Fonts for Formatting: Publication
With the rise of self-publishing, many writers now find themselves responsible for the final look of their manuscript. Without an education in what fonts will work best, many often settle on Times New Roman.
The golden rule of body text fonts is that the choice should be invisible. As a writer, you are trying to make your words the important thing. A bad font will put people off but a good font will become invisible. Unlike a submitted manuscript, a proportionally spaced font is better as this has a tendency to flow better between words.
In a published work, it’s best to use a serif font. A serif font is one with flourishes on its letters, while a sans-serif is one without. American audiences are uncomfortable with passages of text being written in sans-serif fonts, such as Arial, but European audiences accept sans-serif body text more readily.
Many fonts are near duplicates of others and it may seem like there’s little difference between them. To properly test a font, I advise reading 500-600 words in a particular font before deciding to use it. This will allow to assess the potential for eyestrain. Printing this out will also give you an idea about line thickness, as many fonts may look too thin in places when on paper and away from the variable zoom of word-processors.
You may also notice that the spacing of some fonts leads to confusion when two letters are placed next to each other. Examples include “Ill” appearing as three ls and “cl” being read as a lowercase d.
It’s tempting to use Times New Roman for the body of your text. It’s widely used and easily legible to most readers, however, as it’s the default font for many word-processors, using it can make your work seem amateurish. Times New Roman was designed for use in the narrow columns of newspapers, meaning it sets a little too dense for many readers’ liking. In a book, you have much more ample space than a newspaper so it makes sense not to use a newspaper font.
Garamond has become one of the most popular fonts for body text. This is owing to its lighter strokes than Times New Roman and its more open negative space. This makes it easier to read while retaining the same character as Times New Roman. It also has a few touches, such as the capital Q and G spurs appearing more elegant.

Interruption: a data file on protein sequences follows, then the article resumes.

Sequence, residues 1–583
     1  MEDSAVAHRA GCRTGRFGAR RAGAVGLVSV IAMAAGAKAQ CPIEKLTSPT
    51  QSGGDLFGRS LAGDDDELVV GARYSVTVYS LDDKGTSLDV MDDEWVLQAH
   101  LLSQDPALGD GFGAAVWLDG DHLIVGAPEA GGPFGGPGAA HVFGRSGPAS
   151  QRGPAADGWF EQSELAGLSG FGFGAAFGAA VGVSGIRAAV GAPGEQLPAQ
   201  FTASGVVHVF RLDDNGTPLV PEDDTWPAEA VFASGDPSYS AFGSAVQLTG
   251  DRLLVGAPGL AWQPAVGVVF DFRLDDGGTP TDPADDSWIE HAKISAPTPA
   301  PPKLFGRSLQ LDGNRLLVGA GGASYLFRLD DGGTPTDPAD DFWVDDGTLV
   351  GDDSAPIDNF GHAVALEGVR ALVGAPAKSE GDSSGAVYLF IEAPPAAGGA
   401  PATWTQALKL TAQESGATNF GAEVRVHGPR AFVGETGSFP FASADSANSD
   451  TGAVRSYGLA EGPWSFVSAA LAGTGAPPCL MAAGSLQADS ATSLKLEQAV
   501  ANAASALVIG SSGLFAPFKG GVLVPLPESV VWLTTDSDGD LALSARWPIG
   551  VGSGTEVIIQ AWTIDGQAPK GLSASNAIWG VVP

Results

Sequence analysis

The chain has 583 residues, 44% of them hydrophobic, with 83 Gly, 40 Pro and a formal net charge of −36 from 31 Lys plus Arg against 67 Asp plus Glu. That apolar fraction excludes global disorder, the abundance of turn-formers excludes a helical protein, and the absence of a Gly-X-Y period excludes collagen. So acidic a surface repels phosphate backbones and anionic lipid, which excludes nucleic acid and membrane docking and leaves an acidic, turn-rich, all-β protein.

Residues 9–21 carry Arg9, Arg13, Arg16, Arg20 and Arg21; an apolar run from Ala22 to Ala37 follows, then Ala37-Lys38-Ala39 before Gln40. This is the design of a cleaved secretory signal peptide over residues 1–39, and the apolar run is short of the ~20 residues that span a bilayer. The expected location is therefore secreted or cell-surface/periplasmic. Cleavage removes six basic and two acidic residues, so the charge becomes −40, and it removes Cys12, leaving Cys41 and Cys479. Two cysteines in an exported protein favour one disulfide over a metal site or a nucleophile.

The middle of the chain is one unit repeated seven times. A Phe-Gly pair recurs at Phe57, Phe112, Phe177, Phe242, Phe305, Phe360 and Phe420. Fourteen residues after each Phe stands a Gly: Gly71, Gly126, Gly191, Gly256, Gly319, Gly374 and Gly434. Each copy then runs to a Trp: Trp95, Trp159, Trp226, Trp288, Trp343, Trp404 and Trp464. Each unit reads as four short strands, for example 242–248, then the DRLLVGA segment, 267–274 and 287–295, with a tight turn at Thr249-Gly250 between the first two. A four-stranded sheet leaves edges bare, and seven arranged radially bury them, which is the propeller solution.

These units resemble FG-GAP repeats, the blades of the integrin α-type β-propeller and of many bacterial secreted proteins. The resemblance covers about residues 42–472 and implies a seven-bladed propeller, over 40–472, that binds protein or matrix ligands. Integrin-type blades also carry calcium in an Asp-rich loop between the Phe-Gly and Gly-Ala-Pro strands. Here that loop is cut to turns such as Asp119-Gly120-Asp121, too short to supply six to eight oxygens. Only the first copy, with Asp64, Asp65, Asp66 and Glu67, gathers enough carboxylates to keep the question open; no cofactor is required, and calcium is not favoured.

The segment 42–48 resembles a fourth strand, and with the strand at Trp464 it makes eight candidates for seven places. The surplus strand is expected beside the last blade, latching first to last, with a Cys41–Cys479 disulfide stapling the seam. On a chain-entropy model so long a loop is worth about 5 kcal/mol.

Palatino is another font with its proponents but I have a few personal issues with the font. Firstly, the rounded bows of the capital P and R do not fully join to the main stem. Secondly, there are a number of flourished serifs that lean towards the left. Both of these issues arise from the font’s nature; they are traits taken from handwriting. The Capital X has uneven strokes to mimic the thickness of a quill on diagonal lines. While some may like this sense of character, I personally find those features to be distracting. For a long while, Palatino was the most commonly used font for books and it still enjoys widespread, familiar usage. Book Antiqua is practically a clone of Palatino that also enjoys high status amongst typographers.
Minion remains my favourite font for novel text. I initially began using it as a compromise. It features a heavier weight like that of Times New Roman but it’s better spaced and features a number of ligatures – characters that join up – giving it a sense of character. Robert Bringhurst used it for Elements of Typographic Style, considered the bible of typography, which may be the highest honour a font could receive. This has led to it becoming the font of choice for many publishers, though there has been a recent call to arms to experiment with font choices more. Minion has simply become a very comfortable choice.
When using these fonts on a computer screen, I would advise looking at the more basic fonts. These have been designed with the pixel nature of screens in mind. With fonts such as Garamond, the curvature of letters can result in them becoming blocky on the screen. Georgia, Times New Roman and Arial are all worth considering for digital text and e-books.
This is merely the tip of the iceberg. For every font there are pros and cons, fans and critics. Above everything, don’t be afraid to experiment and stray from the familiarity of Times New Roman.
© 2017 Connor Sansby
Available under the Thanet Writers Education Policy
Connor Sansby is a Margate-based writer, editor, poet and publisher through his super-indie Whisky & Beards publishing label.